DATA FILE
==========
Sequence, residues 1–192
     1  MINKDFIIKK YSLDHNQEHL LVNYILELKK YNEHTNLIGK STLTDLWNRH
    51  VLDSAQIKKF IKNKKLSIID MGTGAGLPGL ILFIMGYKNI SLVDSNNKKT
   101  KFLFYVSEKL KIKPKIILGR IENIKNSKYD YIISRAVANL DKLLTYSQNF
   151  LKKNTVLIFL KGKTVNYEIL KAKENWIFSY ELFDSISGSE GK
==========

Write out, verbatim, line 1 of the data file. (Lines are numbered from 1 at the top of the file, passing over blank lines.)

Sequence, residues 1–192